Avoid Turning $1,000,000 into $12,000

Good to Know

Imagine an individual investor passionate about a specific stock (it happens more often than you might think). Assume the investor's portfolio is worth $2 million, but $1 million is in just one stock. How could that $1,000,000 concentration hemorrhage into only $12,000 in just over one year?

Sadly, that's precisely what happened to one of the top 5 investment banks in the United States(Bear Stearns). The stock price plummeted by a heart-arresting 99% during 14 months in 2007-2008.

Concentrated wealth risk is painfully real but ultimately manageable most of the time. This article continues our series with Variable Prepaid Forward Contracts. Here's our game plan:

  • Your Call to Action,
  • Client Perspective,
  • Purpose and Definition,
  • Flexibility, and
  • Tax Deferral.

Your Call to Action

As an advisor, your call to action is to raise awareness of this potentially catastrophic risk. Help your clients avoid or manage concentrated wealth risk through strategies such as:

  • Swap Funds,
  • Variable Prepaid Forward Contracts,
  • Performance Exchange Funds, and
  • Zero Premium Collars.

Swap funds were discussed in a previous article. Before illustrating variable prepaid forward contracts in this article, the advisor should understand this strategy's appropriate and inappropriate uses from a client's perspective.

Client Perspective

Why would your client be attracted to a variable prepaid forward contract (VPFC)? First and arguably foremost, the client is bullish on the stock. In addition, clients who place a high value on the following may be appropriate candidates for VPFCs:

  • Continued stock ownership,
  • Liquidity,
  • Protection against market value decline,
  • Participation in appreciation, and
  • Deferral of capital gains.

However, this strategy is not for every client with a concentration. Specifically, VPFCs may not be appropriate for:

  • Clients bearish on the stock,
  • Less-sophisticated investors (these transactions are complex),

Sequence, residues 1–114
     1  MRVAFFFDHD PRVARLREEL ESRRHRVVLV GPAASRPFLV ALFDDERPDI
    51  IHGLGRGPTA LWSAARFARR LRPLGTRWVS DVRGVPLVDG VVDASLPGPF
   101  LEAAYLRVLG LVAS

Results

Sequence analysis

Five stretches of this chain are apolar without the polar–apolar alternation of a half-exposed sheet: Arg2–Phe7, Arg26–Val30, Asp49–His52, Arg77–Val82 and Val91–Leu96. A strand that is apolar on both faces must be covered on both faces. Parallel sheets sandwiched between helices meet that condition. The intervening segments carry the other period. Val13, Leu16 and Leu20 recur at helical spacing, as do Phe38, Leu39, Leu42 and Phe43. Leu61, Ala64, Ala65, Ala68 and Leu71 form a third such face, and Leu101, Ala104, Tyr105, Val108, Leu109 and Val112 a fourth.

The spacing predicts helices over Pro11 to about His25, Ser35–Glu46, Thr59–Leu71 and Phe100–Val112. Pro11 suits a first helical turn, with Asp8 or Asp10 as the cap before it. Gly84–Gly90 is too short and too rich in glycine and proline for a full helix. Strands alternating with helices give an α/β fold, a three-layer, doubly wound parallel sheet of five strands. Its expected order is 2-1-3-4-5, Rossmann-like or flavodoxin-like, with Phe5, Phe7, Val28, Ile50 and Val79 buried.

• Clients with less than $5 million,
  • Stocks with a relatively low market capitalization, thinly traded stocks, or stocks severely depressed in price.

Purpose and Definition

A Variable Prepaid Forward (VPF) contract is an agreement to sell shares at a future point in time ("to sell forward"). They are commonly executed by company insiders looking to protect concentrated positions while retaining upside potential.

There are two parties to the contract, the client, and a counterparty. The party buying the securities from the client, the counterparty, provides an advance payment (from 75% to 90% of the shares' value) to the client upon execution of the contract; hence it is "prepaid." There are no restrictions on the prepayment, so the seller can use the funds to purchase other securities or for any other purpose.

Flexibility

There is the advantage that the owner is not generally locked into a sell decision but could ultimately settle the contract with cash. There is a great deal of flexibility regarding the settlement date of the contract, three to five years being most common. When the time comes to close the contract, the amount of the settlement with the counterparty will depend upon the market value of the stock at the time of settlement; hence it is "variable."

Tax Deferral

The number of shares required to settle the contract is not known until the settlement date. The uncertainty regarding the number of shares to be delivered and their exact cash value when the contract is closed out generally keeps this arrangement from being treated as a constructive sale and allows the seller to receive the "prepayment" on a tax-deferred basis. Capital gain or loss will be realized upon settlement. Consultation with a professional tax advisor is strongly recommended before structuring a Variable Prepaid Forward Contract.

Summary

A VPFC may appeal to a client owning many shares in a single company (whether an insider or not) with a desire to raise cash and simultaneously defer taxes. This strategy may resonate strongly with the client who wants to own the stock but is concerned about concentrated position risk. Unlike the swap (exchange) fund in our previous article, your client keeps their concentrated stock position in the VPFC strategy while simultaneously hedging downside investment risk. Caveat—the use of a VPFC may raise IRS audit flags; this potential should not intimidate the client who is willing to use tax counsel and follow counsel's advice to the letter!

Coming Attraction—Stay tuned for our next article! We'll review how the zero-premium collar can be yet another arrow in your quiver.